The problem this has caused is that Schexnayder lives in fear of a coup by the 45 or so House members who voted for Mack. The Democrats have him over a barrel because he knows that if they were to abandon him he would be ripe to get fired as Speaker. With a more traditional constitution of leadership, it would be largely unthinkable that Republicans would overturn their own man and fears over a coup would never really enter into how the House is governed.
The hope, and there is some evidence to suggest it might finally be coming to pass, was that especially after the failed veto session revealed a lot about who Louisiana’s House Democrats really are, Schexnayder would see that his obvious move is to mend fences with the conservatives and embrace a role as the Republican Speaker of a Republican House. Meaning that he would roll James over and cement his Speakership based on a Republican majority supporting him.
The conservatives want this. They don’t have a candidate they can get to 53 votes within the delegation for, so adopting Schexnayder as their leader is the easiest and most efficient way forward. While the veto session was a failure, it at least showed that the Republicans are more or less united where it comes to legislation and the problem lies with the D’s and the I’s.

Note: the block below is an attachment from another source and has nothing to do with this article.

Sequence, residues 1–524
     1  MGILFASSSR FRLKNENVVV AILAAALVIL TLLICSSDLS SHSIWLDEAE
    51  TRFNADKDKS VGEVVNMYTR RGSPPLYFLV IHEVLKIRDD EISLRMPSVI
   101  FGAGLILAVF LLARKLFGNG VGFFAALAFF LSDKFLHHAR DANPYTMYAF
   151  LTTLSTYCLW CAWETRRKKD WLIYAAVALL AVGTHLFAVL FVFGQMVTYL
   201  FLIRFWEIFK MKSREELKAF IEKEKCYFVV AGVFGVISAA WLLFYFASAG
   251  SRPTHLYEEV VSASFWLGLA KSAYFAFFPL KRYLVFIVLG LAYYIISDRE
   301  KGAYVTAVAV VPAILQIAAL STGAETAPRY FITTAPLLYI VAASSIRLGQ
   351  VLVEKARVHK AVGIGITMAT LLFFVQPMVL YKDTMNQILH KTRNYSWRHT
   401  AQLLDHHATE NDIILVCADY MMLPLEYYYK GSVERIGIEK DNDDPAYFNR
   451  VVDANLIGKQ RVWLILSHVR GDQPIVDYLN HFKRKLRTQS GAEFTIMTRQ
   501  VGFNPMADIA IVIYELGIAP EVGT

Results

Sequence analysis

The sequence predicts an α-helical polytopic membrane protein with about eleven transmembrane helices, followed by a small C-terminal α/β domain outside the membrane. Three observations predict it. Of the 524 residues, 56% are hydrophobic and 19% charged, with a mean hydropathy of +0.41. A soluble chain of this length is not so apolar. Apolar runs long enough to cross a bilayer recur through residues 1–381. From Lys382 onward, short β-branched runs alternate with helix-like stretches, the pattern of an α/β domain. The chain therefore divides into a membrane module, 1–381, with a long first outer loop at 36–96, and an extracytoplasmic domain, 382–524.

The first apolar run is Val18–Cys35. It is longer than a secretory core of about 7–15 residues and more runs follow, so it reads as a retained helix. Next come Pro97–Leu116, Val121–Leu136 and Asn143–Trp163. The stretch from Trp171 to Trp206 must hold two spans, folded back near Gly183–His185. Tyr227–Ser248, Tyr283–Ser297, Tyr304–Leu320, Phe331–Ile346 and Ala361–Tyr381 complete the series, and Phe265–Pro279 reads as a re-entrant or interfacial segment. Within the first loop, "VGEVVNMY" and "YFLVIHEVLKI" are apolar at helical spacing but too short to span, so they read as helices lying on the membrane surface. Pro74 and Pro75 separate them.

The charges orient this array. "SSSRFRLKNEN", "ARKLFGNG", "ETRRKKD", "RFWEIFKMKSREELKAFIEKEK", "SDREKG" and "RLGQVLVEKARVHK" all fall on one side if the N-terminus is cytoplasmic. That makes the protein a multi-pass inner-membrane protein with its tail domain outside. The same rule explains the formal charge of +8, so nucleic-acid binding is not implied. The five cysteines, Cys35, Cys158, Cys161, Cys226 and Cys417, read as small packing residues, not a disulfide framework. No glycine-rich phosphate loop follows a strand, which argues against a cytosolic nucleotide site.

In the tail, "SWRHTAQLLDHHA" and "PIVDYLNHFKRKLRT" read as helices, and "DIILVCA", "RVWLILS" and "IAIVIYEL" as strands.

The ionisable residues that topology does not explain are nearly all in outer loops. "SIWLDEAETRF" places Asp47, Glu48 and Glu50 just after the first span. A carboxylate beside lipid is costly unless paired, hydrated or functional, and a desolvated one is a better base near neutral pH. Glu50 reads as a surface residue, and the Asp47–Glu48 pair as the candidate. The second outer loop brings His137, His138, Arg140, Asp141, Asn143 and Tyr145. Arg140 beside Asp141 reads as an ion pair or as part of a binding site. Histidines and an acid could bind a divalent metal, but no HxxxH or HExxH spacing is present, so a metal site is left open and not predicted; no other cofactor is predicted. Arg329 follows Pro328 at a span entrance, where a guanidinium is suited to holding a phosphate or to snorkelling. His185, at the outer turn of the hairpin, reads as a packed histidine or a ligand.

And if the D’s and the I’s are going to be the problem, then they shouldn’t be part of the leadership team.
Ted James is the chair of the Legislative Black Caucus. Ted James has been working to tear Schexnayder down since the very beginning. He’s attacked other members of the leadership team, most notably former House Education Chair Ray Garofalo, and he’s run information ops against Schexnayder aimed at attempting to make the Speaker believe the conservatives were fomenting a coup against him.
They weren’t. Not with the Democrats. There would be no point in using Democrats to get to 53 votes for a new Speaker; you’d simply end up with the same problem Schexnayder has. But James has pushed to disrupt Schexnayder and keep him weak from the beginning.